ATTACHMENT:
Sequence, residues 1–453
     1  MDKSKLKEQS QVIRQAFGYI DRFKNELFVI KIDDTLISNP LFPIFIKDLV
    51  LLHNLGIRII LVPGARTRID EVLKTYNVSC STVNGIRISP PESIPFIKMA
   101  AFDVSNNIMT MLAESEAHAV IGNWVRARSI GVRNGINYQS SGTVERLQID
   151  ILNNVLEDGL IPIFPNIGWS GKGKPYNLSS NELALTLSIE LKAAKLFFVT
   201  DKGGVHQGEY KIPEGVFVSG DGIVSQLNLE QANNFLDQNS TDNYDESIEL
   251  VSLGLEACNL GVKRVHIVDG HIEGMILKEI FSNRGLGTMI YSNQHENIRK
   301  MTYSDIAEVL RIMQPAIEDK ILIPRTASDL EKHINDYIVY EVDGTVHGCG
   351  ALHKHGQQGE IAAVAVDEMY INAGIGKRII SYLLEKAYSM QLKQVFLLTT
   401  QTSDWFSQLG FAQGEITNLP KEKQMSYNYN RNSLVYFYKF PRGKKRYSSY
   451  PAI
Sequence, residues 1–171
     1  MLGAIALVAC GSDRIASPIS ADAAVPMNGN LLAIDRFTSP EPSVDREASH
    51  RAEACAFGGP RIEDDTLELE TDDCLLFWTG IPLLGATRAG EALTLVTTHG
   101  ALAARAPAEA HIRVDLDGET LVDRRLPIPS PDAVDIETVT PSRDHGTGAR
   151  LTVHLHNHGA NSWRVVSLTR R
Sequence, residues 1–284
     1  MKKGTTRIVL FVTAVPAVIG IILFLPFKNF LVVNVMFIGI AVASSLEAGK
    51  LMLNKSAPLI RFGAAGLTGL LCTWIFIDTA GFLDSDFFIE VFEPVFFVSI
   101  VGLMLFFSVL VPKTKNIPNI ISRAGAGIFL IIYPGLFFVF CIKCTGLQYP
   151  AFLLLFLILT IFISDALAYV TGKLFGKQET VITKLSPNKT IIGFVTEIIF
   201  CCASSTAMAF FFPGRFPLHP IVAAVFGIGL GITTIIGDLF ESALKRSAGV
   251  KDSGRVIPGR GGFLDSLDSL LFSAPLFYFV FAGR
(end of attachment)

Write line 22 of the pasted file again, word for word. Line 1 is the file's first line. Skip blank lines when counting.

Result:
   201  CCASSTAMAF FFPGRFPLHP IVAAVFGIGL GITTIIGDLF ESALKRSAGV